What's New- January 2002 Update
GM John Emms rounds up the latest in these Nimzo and Benoni Systems.
If you want to see if there is anything new in one of your favourite lines, then go to ChessPub.exe, put the date on, say, 15th January 2002, and then click on 'Nimzo and Benoni', over on the right. All these games should appear!
We begin in the hugely theoretical main line of the Fianchetto Variation in the game Van Wely-Timman, Wijk aan Zee 2002, JAN02/01: 1 d4 Nf6 2 c4 e6 3 g3 c5 4 d5 exd5 5 cxd5 d6 6 Nc3 g6 7 Bg2 Bg7 8 Nf3 0-0 9 0-0 a6 10 a4 Re8 11 Nd2 Nbd7 12 h3 Rb8 13 Nc4 Ne5 14 Na3 Nh5 15 e4 Rf8!?
I believe it was Timman who first came up with this move of 15...Rf8, preparing ...f7-f5, many years ago. The final word seemed to follow a famous old Korchnoi-Kasparov encounter. Even though Kasparov won brilliantly, later analysis cast doubt on Black's idea. I wonder what Timman has up his sleeve?
Modern Benoni: Unusual Lines
In the game Kogan-Jenal, Zurich 2001, JAN02/07 we take another look at the new white try 1 d4 Nf6 2 c4 e6 3 Nc3 c5 4 d5 exd5 5 cxd5 d6 6 Nf3 g6 7 Qa4+!?
This move is very new and there has been only half a dozen games or so with it, so it's difficult to make a concrete assessment of it.
In Ivanisevic-Mitkov, Skopje 2002, JAN02/06 play goes down a critically sharp line of the 4 Qc2 variation: 1 d4 Nf6 2 c4 e6 3 Nc3 Bb4 4 Qc2 d5 5 a3 Bxc3+ 6 Qxc3 Ne4 7 Qc2 c5 8 dxc5 Nc6 9 cxd5 exd5 10 Nf3 Bf5 11 b4 0-0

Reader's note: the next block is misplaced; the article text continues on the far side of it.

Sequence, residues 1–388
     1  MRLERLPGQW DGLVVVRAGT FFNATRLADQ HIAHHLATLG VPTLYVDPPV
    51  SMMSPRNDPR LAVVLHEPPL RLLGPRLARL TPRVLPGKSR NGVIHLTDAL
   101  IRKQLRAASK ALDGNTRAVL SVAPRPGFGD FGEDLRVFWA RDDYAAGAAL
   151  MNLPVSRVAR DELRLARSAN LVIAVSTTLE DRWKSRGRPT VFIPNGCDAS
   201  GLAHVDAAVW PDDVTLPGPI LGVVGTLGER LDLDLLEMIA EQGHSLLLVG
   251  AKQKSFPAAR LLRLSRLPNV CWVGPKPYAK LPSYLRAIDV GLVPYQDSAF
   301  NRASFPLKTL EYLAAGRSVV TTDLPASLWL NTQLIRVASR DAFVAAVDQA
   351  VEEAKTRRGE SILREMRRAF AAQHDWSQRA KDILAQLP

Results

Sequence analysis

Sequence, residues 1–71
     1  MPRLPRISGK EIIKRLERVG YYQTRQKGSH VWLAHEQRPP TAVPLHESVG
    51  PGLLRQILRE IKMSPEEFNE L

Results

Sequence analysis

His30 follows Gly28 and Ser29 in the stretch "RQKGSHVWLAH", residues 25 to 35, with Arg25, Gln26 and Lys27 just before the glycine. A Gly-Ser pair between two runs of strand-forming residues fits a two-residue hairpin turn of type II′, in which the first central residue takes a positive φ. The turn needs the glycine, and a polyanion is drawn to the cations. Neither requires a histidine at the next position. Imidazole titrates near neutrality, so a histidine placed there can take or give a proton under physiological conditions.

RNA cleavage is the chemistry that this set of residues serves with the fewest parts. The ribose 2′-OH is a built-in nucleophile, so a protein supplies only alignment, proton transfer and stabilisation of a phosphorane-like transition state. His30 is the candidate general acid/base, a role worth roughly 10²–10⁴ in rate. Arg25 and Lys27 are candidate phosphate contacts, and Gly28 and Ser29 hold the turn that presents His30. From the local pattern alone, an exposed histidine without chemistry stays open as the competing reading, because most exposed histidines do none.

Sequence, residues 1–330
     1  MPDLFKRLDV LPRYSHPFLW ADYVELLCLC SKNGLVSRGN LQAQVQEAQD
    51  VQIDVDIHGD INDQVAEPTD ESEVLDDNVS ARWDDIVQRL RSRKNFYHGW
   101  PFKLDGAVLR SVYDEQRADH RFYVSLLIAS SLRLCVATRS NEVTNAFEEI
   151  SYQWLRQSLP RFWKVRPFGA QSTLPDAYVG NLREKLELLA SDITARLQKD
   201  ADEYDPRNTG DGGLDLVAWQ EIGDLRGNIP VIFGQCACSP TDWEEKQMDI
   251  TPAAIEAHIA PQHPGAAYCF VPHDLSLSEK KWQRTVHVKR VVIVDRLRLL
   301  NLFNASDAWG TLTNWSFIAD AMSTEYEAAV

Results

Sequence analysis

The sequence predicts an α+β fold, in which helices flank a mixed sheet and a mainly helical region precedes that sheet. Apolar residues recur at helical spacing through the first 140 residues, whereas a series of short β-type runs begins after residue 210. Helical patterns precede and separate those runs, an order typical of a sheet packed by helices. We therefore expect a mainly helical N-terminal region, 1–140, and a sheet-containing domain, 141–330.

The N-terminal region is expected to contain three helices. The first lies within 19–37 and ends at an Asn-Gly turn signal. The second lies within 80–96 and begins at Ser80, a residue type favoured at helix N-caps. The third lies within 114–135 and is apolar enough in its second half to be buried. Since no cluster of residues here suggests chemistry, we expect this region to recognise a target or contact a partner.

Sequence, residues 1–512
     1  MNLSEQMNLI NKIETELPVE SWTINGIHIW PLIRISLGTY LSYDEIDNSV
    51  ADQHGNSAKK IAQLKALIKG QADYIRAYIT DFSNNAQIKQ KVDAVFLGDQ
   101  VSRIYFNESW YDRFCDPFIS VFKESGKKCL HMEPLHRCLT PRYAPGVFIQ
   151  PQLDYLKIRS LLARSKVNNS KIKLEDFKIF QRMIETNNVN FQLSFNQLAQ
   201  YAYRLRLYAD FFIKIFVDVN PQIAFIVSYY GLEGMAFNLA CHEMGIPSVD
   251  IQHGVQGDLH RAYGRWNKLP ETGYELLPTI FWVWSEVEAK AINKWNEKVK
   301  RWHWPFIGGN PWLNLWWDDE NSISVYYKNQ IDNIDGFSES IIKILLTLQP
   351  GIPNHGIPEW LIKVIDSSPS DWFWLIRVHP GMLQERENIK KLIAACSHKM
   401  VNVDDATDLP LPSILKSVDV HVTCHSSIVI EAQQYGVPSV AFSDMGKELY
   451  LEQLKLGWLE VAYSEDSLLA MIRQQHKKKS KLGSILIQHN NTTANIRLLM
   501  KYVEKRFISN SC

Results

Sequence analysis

and now White played 12 Qb2!? (the normal move is 12 Bb2). This move hasn't been played much before. White simply moves his queen away from the same diagonal as the black bishop.
In the game Tsai-Donaldson, Seattle 2002, JAN02/02 we take a look at the main line of the Qc2 Nimzo with 1 d4 Nf6 2 c4 e6 3 Nc3 Bb4 4 Qc2 0-0 5 a3 Bxc3+ 6 Qxc3 b6 7 Bg5 Bb7. On move fifteen Black unleashed a little trick which nets him a crucial pawn.
Nimzo-Indian: Rubinstein 4 e3
In the game Gulko-Shabalov, Seattle 2002, JAN02/03, White played 1 d4 Nf6 2 c4 e6 3 Nc3 Bb4 4 e3 0-0 5 Bd3 d5 6 a3!?, forcing Black to make an early decision with his bishop. Gulko is very fond of this idea, which leads to a very dynamically balanced position.
In the game Barsov-Zhang Zhong, Hastings 2001/02, JAN02/04 we see the following line: 1 d4 Nf6 2 c4 e6 3 Nc3 Bb4 4 Nf3 b6 5 Bg5 Bb7 6 Nd2. This move (6 Nd2) has become trendy in the last few years (the old move is 6 e3) and in this game we can see why. White soon builds up a very promising position.
Queen's Indian: 4 g3 variation
In the game Tregubov-Van der Wiel, Wijk aan Zee 2002, JAN02/05, White plays the line 1 d4 Nf6 2 c4 e6 3 Nf3 b6 4 g3 Ba6 5 Qa4.
5 Qa4 has traditionally been less popular than 5 b3 or 5 Nbd2, but white players are now starting to turn to this possibility. In this game White comes up with a reasonably fresh idea on move twelve and is soon controlling matters.
Remember, if you have any questions or remarks on the Benoni, Weird Benonis, Nimzo Indian, Queen's Indian or Bogo-Indian, I'd be glad to hear from you.
Please e-mail John at